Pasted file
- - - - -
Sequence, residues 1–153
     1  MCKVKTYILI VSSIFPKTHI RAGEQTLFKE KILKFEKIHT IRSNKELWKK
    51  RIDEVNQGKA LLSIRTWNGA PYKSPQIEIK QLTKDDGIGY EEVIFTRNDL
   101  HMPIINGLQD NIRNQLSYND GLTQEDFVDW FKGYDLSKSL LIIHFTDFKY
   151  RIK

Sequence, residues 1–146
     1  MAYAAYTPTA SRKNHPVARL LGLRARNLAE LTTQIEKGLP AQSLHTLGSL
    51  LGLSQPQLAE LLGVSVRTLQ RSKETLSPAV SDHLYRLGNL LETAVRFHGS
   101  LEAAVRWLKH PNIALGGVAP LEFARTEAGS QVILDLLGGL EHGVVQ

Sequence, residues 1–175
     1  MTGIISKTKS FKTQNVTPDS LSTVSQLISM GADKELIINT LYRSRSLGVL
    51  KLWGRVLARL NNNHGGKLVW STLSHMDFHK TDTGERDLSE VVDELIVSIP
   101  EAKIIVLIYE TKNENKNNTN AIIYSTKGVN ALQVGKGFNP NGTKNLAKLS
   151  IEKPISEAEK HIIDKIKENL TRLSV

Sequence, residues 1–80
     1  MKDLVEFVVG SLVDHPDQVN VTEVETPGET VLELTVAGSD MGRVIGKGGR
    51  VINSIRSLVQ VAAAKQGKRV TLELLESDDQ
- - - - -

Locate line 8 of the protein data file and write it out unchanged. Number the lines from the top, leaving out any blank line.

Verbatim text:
    51  LGLSQPQLAE LLGVSVRTLQ RSKETLSPAV SDHLYRLGNL LETAVRFHGS